The following morning, after coffee and breakfast, we pack up, hit the trail, and spend the day making our way to the next hut. And that’s the gist of the Hut Run Hut program.
From Margy’s Hut, the group hikes up to Mount Yeckel before descending to the Fryingpan Valley. We stop at Chapman Lake for a quick swim before proceeding to Nast Lake and lunch. Once back on the trail, we head to the remote Betty Bear Hut. By now, the group has settled into the routine, including adapting to life without cell service.
After a night at Betty Bear, the group follows a cross-country winter route over the Continental Divide via Hagerman Pass. We make a quick stop to check out the Skinner Hut before descending to lunch near Turquoise Lake.
We continue north on the Colorado Trail, aiming for Uncle Bud’s Hut, where we spend the third night of the journey. For group members who enjoy swimming in alpine lakes, we can stop at Bear Lake for a quick dip along the way.
The next day represents the longest leg of the trip, covering 23 miles, much of it on the smooth Colorado Trail. From Uncle Bud’s, the group heads to Tennessee Pass and continues north to Camp Hale, where we stop for food and fluids. The day finishes with an arduous climb up to Jackal Hut for the night.
There’s always a festive feel at Jackal Hut. It’s the highest hut in the 10th Mountain System, and we get there after the longest day of the route. The group members— all good friends at this point- have covered many miles since departing Aspen, and there’s a real sense of accomplishment.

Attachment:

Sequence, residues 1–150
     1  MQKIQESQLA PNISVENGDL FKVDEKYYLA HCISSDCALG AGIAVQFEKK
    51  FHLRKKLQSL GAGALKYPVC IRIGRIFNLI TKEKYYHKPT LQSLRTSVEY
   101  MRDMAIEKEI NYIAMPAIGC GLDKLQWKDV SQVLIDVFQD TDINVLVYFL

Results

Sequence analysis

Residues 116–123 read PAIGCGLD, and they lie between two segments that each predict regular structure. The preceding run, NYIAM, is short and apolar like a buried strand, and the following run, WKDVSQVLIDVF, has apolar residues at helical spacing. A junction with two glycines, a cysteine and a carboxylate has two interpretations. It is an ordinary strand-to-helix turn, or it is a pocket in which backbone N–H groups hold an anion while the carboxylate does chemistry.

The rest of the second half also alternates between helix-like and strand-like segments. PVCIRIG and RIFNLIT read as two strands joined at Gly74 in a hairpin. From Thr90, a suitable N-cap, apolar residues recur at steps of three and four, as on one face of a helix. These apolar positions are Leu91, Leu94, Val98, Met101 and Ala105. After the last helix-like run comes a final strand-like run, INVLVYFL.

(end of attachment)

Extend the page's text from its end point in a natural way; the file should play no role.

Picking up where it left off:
The following day offers a bit of a reprieve. After the high mileage route to Jackal Hut, we get a break with a day of hiking in the alpine tundra. We climb up to Elk Ridge and crest several 12,000-foot peaks en route to Fowler Hilliard Hut— our fifth and final night of the trip.
Arriving at the Fowler Hilliard Hut feels different than the others. Even though the group still has one more day on the trail— we’ll run 11 miles down to Red Cliff the following morning— there’s a sense that the adventure is coming to a close.
The short climb from the hut to Resolution Mountain to watch the sunset is a fitting denouement. After five days of new trails and new huts, the summit of Resolution offers one last long view, a final mountain panorama for everyone to imprint in their minds.
The time on the summit allows for reflection on the defining moments of the trip. In particular, the feeling of being in the present, away from the constant connectivity and distraction of life and work. Of course, everyone would soon be returning to that world, but up on Resolution, surrounded by mountains, we could enjoy one last encore moment of being away.
Gazing south, we could see Mount Massive and Hagerman Pass, which we passed on foot four days and countless miles ago. As much as we didn’t want it to end, it was time to head down for one last dinner together. Like all good things, Hut Run Hut was coming to a close. What a fantastic trip.